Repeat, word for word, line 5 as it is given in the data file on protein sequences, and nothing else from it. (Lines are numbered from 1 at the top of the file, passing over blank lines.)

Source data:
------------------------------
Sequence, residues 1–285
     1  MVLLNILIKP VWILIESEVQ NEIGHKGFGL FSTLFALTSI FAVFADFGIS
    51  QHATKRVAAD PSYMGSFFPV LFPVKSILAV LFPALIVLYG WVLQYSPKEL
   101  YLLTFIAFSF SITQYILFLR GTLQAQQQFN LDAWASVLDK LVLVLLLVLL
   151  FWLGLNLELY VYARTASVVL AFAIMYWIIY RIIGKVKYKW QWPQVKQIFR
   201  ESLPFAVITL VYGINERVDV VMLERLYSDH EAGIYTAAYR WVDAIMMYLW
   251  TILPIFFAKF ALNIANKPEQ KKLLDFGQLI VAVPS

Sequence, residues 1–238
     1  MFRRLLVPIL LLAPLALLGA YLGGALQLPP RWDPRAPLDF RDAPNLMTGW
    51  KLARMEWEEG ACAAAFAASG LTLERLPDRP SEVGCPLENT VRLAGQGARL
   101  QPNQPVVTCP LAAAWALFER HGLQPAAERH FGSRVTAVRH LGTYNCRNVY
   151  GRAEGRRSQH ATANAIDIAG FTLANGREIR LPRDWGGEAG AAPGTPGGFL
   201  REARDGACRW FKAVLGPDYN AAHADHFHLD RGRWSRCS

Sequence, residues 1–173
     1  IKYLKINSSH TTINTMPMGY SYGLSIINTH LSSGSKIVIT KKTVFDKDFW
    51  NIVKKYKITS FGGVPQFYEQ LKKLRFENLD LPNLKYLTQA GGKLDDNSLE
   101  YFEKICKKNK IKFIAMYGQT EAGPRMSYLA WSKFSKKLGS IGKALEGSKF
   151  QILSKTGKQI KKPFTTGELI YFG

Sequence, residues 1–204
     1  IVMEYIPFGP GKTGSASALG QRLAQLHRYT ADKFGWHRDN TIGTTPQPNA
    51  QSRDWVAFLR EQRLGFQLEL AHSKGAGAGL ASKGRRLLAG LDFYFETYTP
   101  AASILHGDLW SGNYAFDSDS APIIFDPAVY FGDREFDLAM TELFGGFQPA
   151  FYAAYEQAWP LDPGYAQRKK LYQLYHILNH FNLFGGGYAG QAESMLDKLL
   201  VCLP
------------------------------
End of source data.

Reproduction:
   151  FWLGLNLELY VYARTASVVL AFAIMYWIIY RIIGKVKYKW QWPQVKQIFR